Chicago-based Groupon is rapidly turning into a helpful marketing partner for Chicago cultural institutions, which -- like just about every other company with something to sell in a country gripped by an economic downturn -- are looking for new ways to entice consumers to sample their offerings.
Groupon offers a new, usually market-specific deal online every day in about 85 markets in the United States and Canada. If enough people sign up for the deal within a 24-hour time frame, the deal is activated, and everyone who signed up can access it.
Last week, the Chicago-based Joffrey Ballet found out just how eager Groupon fans are to get the daily deals. On Wednesday, Groupon posted a deal for a three-show subscription package for the Joffrey's upcoming 2010-11 season priced at $81, a whopping 61 percent discount on the package's regular $218 price tag. Joffrey sold 2,338 subscriptions in just 24 hours -- more than half the total 4,600 additional subscribers the company had already signed up for next season through all other channels. "Dynamic partnerships like the one between Joffrey and Groupon will grow the dance audience in America," said Christopher Clinton Conway, Joffrey's executive director.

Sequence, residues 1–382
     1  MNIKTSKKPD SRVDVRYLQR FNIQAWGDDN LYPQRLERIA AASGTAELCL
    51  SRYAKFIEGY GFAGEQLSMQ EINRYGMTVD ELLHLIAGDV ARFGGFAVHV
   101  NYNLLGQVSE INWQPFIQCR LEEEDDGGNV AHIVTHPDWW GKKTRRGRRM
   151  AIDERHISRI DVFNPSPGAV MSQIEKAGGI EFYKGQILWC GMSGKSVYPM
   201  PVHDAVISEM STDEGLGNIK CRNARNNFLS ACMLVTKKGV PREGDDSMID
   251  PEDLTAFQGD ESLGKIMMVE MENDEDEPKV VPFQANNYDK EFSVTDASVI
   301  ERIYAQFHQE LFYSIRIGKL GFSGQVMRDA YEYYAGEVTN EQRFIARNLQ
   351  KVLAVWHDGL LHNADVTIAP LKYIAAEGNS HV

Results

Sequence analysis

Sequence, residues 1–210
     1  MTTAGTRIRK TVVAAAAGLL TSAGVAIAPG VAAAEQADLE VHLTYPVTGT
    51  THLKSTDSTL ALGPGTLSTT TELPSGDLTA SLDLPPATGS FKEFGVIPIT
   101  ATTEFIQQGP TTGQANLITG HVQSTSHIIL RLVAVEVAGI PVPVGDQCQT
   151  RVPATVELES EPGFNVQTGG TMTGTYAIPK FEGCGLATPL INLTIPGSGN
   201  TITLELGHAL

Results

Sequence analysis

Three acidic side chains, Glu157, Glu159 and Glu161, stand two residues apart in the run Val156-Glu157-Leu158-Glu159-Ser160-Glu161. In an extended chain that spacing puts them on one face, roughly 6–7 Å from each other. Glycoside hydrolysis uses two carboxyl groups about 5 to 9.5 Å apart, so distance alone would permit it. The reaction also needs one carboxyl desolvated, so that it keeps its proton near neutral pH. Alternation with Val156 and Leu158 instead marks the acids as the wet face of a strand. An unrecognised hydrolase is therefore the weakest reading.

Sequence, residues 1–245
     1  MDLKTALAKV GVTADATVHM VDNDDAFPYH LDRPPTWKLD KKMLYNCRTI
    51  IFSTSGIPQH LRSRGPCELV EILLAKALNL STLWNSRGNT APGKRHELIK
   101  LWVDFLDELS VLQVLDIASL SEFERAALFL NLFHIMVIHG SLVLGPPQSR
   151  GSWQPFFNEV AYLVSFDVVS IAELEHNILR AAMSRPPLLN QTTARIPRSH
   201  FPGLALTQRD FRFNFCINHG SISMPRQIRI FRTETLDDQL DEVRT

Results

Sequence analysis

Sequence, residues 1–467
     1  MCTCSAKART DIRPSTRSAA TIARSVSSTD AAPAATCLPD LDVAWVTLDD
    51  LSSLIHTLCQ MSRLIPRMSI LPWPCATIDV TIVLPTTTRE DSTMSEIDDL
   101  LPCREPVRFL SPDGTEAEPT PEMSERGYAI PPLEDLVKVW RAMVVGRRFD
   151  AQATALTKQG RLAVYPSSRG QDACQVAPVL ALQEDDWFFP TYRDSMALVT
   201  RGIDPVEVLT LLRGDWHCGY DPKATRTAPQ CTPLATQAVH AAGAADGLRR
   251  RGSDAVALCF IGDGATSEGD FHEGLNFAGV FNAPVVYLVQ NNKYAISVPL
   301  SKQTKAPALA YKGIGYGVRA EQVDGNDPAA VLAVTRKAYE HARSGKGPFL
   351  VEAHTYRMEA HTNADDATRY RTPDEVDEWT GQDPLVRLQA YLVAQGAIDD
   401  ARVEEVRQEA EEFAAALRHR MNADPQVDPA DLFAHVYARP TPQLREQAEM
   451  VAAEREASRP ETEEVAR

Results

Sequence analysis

The Joffrey is not the first local arts organization to discover how Groupon can help expand their reach in the marketplace. The Lyric Opera of Chicago, the Art Institute and Hubbard Street Dance Chicago have also offered successful special ticket and membership deals through Groupon in recent months. Groupon spokeswoman Julie Mossler said arts-related specials tend to be popular with Groupon fans because they often have a lower price point than many of the other deals available.
Plus, Mossler said her company likes to work with arts organizations because Groupon wants "to push the boundaries" -- culturally and otherwise -- of the people who use Groupon. And Groupon can be picky about the companies it showcases. Mossler said Groupon turns away seven companies for every one it opts to feature.
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